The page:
Arts & Culture

Even online, ROCA still sharing the magic of music

By Don Fennell

Published 2:06 PDT, Mon August 31, 2020

Last Updated: 2:21 PDT, Tue September 15, 2020

Graham Hope has spent the last eight years giving rise to the power of music.

During that span, Hope has sat on the board of the Richmond Orchestra and Chorus Association (ROCA) as a community representative. His role is to organize concerts in both public and private schools—with the hope of inspiring, among the youth, an understanding and appreciation for classical music. That a student might take up playing an instrument, well, that would be a nice bonus.

During each ROCA concert, a young student of conductor James Malmberg performs a solo. This has been a highlight which has left audiences spellbound, says Hope.

“Until 2020, we visited six schools a year,” he explains. “And once this pandemic is over, we will continue our mission until every school in Richmond has seen our orchestra live.”

Even as the COVID-19 pandemic forced the orchestra and chorus to abruptly end its 2019-20 season in the spring, and organizers don’t expect to be able to host any future concerts for the remainder of this year, they remain committed to sharing their love of music. Specifically, the love of the classics. And they are optimistic about the resumption of concerts in 2021.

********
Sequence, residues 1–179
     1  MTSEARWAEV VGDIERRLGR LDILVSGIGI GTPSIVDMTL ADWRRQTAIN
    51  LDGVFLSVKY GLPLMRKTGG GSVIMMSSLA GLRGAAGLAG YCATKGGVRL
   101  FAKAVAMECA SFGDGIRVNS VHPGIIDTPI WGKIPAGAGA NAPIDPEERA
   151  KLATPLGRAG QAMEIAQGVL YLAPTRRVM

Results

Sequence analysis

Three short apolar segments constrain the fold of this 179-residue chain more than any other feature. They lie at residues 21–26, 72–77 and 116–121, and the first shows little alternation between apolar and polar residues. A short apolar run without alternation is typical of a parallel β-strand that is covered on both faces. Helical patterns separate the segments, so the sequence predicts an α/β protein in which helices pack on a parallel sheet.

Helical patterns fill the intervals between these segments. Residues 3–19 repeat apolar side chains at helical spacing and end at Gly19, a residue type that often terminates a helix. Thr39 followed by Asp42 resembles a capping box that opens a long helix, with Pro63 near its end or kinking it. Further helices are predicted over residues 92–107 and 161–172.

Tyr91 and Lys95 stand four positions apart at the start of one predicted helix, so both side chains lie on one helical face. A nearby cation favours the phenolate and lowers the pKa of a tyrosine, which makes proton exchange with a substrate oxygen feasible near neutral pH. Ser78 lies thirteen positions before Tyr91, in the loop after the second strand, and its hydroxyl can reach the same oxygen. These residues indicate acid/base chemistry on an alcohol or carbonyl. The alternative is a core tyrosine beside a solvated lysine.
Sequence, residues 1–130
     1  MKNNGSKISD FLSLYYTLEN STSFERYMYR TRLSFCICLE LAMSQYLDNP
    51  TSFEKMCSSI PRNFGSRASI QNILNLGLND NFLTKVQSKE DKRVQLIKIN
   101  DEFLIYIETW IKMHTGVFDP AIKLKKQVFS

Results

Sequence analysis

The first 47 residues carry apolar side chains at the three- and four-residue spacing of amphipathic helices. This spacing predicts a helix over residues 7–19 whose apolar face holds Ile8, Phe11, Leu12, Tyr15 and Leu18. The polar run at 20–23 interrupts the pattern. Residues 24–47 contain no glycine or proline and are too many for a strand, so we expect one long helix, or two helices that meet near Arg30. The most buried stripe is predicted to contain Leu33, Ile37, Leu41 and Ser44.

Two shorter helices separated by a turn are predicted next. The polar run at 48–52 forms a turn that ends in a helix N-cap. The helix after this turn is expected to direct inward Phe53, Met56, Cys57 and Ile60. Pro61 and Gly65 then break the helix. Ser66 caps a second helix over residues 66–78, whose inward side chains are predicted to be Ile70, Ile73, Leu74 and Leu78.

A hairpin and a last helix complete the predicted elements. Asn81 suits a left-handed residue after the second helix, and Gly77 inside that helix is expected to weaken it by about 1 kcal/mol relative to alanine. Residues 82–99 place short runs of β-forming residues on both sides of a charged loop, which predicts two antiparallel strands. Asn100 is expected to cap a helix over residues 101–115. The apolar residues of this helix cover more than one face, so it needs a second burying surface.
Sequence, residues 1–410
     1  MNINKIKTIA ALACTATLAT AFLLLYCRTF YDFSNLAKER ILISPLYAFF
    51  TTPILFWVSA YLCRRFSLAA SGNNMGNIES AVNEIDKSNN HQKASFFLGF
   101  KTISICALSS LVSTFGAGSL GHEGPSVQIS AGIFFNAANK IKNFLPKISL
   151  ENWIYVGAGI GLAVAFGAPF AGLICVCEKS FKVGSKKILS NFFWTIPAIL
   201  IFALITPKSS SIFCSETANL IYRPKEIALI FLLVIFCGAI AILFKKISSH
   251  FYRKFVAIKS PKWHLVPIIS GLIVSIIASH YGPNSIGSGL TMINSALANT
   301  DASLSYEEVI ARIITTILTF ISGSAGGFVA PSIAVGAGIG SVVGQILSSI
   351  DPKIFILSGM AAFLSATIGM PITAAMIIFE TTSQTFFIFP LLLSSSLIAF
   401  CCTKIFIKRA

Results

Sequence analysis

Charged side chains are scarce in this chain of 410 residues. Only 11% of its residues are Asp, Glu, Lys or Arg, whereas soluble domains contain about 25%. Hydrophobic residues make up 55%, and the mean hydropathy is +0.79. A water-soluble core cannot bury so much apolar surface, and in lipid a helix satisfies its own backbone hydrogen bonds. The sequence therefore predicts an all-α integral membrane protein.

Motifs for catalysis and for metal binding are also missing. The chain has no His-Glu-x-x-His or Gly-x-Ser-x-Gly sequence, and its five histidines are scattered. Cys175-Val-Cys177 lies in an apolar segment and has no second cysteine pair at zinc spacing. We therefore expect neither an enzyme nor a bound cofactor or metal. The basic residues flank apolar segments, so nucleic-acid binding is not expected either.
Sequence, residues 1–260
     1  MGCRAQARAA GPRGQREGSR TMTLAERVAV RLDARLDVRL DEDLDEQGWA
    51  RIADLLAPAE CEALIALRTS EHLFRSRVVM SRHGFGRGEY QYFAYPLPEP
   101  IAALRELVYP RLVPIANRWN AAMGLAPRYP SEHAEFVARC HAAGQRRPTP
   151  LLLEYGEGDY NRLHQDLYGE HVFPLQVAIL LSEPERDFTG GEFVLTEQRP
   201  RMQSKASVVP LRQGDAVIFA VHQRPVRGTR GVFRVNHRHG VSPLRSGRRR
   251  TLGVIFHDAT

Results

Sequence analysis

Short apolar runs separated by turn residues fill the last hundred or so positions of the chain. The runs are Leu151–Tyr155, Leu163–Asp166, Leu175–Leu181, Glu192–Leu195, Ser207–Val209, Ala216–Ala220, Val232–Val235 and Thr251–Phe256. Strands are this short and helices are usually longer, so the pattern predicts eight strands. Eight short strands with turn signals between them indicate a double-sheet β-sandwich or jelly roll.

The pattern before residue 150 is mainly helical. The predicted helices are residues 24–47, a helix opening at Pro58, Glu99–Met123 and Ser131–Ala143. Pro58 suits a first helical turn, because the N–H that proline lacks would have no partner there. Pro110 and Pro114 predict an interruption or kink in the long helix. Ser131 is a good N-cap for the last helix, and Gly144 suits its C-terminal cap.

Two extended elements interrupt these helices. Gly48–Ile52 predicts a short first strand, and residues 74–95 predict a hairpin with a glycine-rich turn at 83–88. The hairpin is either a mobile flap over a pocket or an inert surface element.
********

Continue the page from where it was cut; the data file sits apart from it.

ROCA’s Wilson Ng and Brigid Coult stress that the safety and health of its members and patrons is of the highest importance “so we are engaging with them to ensure that regulations are followed, and to explore what may be the best approach to hosting any events.” They look forward to being able to share this wealth of repertoire again with Richmond audiences once the pandemic is under control.

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